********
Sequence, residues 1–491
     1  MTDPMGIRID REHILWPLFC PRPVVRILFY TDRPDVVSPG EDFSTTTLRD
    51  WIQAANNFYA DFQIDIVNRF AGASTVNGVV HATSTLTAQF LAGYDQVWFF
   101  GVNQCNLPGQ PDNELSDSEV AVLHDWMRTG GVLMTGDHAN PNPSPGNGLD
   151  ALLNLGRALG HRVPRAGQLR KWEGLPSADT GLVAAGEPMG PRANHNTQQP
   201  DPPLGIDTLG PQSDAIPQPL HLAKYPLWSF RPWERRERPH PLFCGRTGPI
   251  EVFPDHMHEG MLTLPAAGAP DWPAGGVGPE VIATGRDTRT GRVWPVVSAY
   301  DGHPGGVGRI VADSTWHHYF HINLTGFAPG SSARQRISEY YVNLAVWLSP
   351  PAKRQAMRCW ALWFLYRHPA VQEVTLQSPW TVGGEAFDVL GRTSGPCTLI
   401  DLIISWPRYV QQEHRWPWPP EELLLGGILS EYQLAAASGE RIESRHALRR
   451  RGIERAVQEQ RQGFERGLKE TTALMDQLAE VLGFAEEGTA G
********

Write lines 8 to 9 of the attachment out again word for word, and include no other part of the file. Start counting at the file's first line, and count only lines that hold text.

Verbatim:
   301  DGHPGGVGRI VADSTWHHYF HINLTGFAPG SSARQRISEY YVNLAVWLSP
   351  PAKRQAMRCW ALWFLYRHPA VQEVTLQSPW TVGGEAFDVL GRTSGPCTLI